Duklyon: CLAMP School Defenders
TITLE: Duklyon: CLAMP School Defenders
RATING: Youth (7+)
NUMBER OF VOLUMES: 2
SCORE: 7 (Good)
RECOMMENDED FOR FANS OF: CLAMP (Tsubasa Reservoir Chronicle, CLAMP School Detectives, Man of Many Faces, X, etc.), comedy, sci-fi, action, adventure, supernatural, romance
Continuing with yet another out-of-print CLAMP title, this month’s review focuses on the goofy, but charming, Duklyon: CLAMP School Defenders, in which the mangaka team tackles the world of sentai.
Duklyon, along with CLAMP School Detectives, Man of Many Faces, and some parts of X, is set at the CLAMP School, where the brightest and best come to study. Functioning as a small city, the CLAMP School encompasses all grades from kindergarten up to graduate school, and the extremely wealthy Imonoyama family who founded the school spares no expense when it comes to keeping the students happy, allowing them to hold frequent fun and elaborate festivals and celebrations.
Tenth graders Kentaro Higashikunimaru and Takeshi Shukaido are students at the school, but they are also a part of the CLAMP School Defenders, a secret sentai team formed to defend the school from attackers. Together with team leader and informant Eri Chusonji, the CLAMP School Defenders fight against the evil Imonoyama Shopping District Association, who plan to take over the world.
It is impossible to take Duklyon seriously, and that’s what makes it such a fun series. The whole thing is completely ridiculous and over-the-top. The Imonoyama Shopping District Association claims that it wants to take over the planet, but it’s difficult to see how any of their schemes — such as holding the president of the kindergarten class (Utako Okawa from Man of Many Faces and CLAMP School Detectives) hostage or taking over the school’s cafeteria — would actually lead to world domination. Not that the CLAMP School Defenders are any brighter, mind you. Kentaro, especially, has a bad habit of almost letting it slip to people that he’s a member of secret fighting duo that defends the school from evil, and neither they nor their classmate Kotobuki Sukiyabashi — the not-so-secret head of the Imonoyama Shopping District Association — figure out each others’ identities until near the end of the series, even though the three of them are always disappearing at around the same time to fight. In fact, they are on rather friendly terms with each other in class.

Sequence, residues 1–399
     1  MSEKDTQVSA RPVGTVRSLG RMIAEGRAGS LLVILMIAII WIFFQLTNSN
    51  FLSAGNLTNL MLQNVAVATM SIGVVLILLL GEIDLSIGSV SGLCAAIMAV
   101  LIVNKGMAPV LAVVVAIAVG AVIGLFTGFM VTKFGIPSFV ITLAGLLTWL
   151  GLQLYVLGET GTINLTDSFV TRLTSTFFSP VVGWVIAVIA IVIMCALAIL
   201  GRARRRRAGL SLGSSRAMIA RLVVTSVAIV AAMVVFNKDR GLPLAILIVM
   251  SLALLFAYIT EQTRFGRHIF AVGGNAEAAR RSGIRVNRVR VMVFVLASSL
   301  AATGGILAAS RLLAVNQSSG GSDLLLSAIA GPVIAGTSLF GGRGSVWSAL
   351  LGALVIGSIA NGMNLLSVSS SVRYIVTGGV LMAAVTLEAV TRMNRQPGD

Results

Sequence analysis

However, as funny as the tongue-in-cheek humor is, the first half of the series is etremely repetitive. Most of the chapters in the first volume can be pretty much be summed up as such:
1) Kentaro, Takeshi, and Kotobuki start out by having a conversation (usually about food) when Kotobuki suddenly announces he has to leave.
2) Kentaro and Takeshi hear the music to summon them and head to the Dukylon Bakery, where they travel down a hidden chute in the bakery’s oven to the secret base.